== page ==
Nastro: We’ve seen a pullback in the traditional bank market, and the capital markets have stepped up to fill the void. The traditional project finance bank market is significantly weaker and has become more fragmented. Pricing has increased and tenors have contracted, largely because of Basel III requirements and bank credit downgrades. The Eurozone banking crisis has caused many European banks to reduce their lending activity significantly, and in some cases to exit the project finance business entirely. Fewer banks are providing capital, and generally are lending only to core relationship clients.
Given this backdrop, the capital markets have filled the need. Demand for structured credit is robust. In the structured bond market, we’ve seen the majority of U.S.-based projects’ debt trading in the 5.5 to 6.5-percent range. For comparison, yields of BBB-minus rated corporate bonds are around 4.5 percent. The capital markets have been very receptive to alternatives like project bonds that offer incremental yield.
Fortnightly: For regulated utilities, what are the implications of low gas and power prices? Is it only a positive story, as prices have helped keep customers’ bills low?
Olazabal: There’s much more attention being paid to how various commodities affect utilities, even fully regulated ones. You see this at all the industry meetings and in conversations with management teams. They’re paying more attention to the impact of shale gas, and how this transformational, paradigm shift affects where you’re putting your generation investment—what type you’re going to build, what gets retired, and when.
Five years ago, all the talk was about coal and potentially IGCC and a nuclear renaissance. That’s been stopped in its tracks, not because of any consensus about the right way to go, but what’s happened on the gas side. You now have an industry that’s driven much more by broader commodity trends. The days of building a generating portfolio on a 20-year plan are over.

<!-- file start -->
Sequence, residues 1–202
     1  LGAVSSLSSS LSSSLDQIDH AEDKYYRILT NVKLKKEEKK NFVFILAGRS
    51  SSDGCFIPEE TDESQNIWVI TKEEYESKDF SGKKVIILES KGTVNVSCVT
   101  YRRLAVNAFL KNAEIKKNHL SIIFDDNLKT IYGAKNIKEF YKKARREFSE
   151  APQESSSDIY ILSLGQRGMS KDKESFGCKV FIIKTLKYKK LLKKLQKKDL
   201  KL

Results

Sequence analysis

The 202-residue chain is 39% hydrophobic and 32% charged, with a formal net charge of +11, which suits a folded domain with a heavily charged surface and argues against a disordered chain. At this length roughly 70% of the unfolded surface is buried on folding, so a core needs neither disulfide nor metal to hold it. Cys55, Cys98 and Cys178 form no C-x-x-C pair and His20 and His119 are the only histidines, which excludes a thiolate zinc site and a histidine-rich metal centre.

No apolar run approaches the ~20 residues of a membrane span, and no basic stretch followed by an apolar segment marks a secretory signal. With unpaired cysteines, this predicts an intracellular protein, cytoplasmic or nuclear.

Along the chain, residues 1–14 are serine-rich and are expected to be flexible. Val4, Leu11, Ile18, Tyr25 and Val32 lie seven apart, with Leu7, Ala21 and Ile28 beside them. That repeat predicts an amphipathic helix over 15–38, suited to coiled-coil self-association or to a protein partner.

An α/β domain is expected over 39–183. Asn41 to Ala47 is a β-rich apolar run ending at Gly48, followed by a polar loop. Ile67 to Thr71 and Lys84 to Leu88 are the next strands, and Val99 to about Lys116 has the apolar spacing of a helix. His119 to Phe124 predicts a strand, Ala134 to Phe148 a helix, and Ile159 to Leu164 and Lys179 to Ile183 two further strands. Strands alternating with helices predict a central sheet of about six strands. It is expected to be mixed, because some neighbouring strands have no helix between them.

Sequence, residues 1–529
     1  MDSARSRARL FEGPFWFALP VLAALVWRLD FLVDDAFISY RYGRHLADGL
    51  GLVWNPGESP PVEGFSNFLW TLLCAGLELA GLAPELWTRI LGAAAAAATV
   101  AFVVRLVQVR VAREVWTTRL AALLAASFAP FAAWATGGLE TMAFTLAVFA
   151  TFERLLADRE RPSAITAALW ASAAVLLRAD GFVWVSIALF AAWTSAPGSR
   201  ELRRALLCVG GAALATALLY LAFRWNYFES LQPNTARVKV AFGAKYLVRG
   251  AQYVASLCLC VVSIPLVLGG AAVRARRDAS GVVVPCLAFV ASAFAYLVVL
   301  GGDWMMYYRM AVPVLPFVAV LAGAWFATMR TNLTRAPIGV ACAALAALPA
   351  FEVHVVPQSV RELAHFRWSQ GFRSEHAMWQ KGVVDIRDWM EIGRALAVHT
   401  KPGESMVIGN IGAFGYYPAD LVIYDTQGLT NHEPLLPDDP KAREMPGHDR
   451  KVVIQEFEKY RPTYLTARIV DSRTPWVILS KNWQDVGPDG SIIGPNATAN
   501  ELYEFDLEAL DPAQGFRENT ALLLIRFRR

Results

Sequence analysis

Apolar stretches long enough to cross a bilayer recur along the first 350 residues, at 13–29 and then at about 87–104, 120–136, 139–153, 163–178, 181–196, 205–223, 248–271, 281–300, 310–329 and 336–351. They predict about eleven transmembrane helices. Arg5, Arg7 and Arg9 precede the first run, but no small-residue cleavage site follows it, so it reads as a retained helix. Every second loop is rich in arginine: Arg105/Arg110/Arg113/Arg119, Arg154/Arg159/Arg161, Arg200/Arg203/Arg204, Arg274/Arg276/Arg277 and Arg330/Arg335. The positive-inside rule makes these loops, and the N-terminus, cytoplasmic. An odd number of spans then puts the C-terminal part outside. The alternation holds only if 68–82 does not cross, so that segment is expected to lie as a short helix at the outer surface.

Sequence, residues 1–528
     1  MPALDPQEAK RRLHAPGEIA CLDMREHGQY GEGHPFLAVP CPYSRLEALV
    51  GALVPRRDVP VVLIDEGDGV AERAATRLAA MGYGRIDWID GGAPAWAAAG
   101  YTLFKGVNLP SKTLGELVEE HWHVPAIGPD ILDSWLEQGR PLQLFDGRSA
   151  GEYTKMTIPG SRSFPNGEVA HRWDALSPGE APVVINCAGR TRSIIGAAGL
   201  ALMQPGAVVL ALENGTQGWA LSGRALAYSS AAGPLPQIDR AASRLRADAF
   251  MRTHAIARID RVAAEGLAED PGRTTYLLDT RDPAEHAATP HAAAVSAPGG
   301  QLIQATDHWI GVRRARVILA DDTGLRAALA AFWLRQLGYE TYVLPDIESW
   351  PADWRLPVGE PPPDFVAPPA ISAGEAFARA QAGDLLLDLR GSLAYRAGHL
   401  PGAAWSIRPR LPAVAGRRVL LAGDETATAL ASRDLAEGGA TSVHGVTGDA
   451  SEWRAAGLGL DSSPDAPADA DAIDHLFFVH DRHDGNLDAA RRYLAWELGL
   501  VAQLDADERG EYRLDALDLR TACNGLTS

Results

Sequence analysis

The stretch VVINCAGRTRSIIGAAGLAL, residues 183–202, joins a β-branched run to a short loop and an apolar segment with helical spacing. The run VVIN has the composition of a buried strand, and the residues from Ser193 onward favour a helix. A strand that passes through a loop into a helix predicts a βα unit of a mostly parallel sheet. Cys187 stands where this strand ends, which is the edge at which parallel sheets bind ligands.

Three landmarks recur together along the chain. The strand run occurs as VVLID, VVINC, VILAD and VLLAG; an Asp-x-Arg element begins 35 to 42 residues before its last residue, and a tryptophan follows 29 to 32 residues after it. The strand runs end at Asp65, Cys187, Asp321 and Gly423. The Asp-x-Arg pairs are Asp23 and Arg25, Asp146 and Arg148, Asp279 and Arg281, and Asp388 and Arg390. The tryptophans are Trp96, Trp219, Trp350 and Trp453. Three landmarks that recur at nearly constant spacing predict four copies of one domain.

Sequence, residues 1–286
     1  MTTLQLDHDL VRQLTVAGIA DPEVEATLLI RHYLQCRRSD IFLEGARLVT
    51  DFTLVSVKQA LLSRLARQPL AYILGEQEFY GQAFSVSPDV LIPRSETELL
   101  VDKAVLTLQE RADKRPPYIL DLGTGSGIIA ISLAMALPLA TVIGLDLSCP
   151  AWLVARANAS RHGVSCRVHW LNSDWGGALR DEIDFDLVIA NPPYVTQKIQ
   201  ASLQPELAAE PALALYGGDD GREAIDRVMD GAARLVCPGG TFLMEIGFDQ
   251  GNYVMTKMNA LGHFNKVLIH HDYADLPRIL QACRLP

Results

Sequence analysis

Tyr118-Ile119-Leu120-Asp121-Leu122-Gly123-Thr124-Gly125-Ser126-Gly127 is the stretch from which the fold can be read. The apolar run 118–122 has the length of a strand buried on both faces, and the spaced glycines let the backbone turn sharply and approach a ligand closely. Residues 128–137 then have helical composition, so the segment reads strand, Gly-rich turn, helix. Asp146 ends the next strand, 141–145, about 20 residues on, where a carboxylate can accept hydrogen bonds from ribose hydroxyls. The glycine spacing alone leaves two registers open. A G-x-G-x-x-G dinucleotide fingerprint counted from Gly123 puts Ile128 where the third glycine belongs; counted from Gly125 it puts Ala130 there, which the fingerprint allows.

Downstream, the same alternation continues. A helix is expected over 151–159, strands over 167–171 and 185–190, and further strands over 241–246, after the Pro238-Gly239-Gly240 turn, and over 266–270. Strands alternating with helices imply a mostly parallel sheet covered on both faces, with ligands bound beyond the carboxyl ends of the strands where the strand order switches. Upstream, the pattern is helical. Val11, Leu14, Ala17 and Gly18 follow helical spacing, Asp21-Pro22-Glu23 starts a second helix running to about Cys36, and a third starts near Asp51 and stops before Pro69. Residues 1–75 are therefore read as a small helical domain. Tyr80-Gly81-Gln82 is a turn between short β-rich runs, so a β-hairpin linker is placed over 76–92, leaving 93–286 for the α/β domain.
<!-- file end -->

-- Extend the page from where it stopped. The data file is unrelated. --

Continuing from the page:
Napolitano, RBC Capital Markets: We’re seeing the next evolutionary stage, the re-gasification of the industry to meet the implied goals of 2001-era deregulation.
If you look back at the market modeling performed by experts in the space around 2001, you’ll see they forecast a change in the supply stack. It included the retirement of nuclear and coal plants, and continued building of combined-cycle gas-fired plants, with really no renewables in the mix. Ten years later, what do we have? Life-extensions associated with nuclear, and very few shutdowns. The court’s CSAPR decision leaves the issue uncertain, but you still see economic shutdowns of coal plants driven by regulations and also by the lack of power price support. You see all these renewable plants coming on the grid, wind and solar predominately, and people are talking about gas-fired plants again.
The new gas-fired plants can be built on a regional basis, to replace retiring coal plants. But in other cases it will be easier to build localized generation rather than plants that require multi-state transmission lines—some of which are being canceled. Some projects in PJM recently were canceled after five or six years of planning. [Editor’s note: PJM’s board at the end of August removed the $1.2 billion Mid-Atlantic Power Pathway (MAPP) and $2.1 billion Potomac-Appalachian Transmission Highline (PATH) projects from its planning queue.]
Fortnightly: What do you see as the outlook for renewables in this environment? There’s a lot of uncertainty about federal incentives, but still strong public support for renewables.
Napolitano: The question is, are we at the end of the renewable renaissance? As we head into the election and look at the pancaking of costs—and the lack of economic recovery, which would let people focus less on expenses and more on revenues—it’s getting harder to find support for renewables. Post-Solyndra, it’s a question of whether any federal subsidy, either direct or indirect, will be available for future tranches of renewable construction.
Fortnightly: During the Bush administration some states increased their RPS goals and pursued climate-change policies, partly in reaction to federal inaction. Might that happen again?
Napolitano: No state is in a healthy situation to make up the difference. In fact, as the economy continues performing weaker than planned, states might start to question their RPS goals and timelines. If we start to see states compromising on those goals, and if you take away the revenue contracts, there’s no hope of building new projects. The whole thing will come to a halt. Already some U.S. manufacturers are scaling back production lines and laying off workers, and globally we’re seeing bankruptcies among manufacturers of equipment.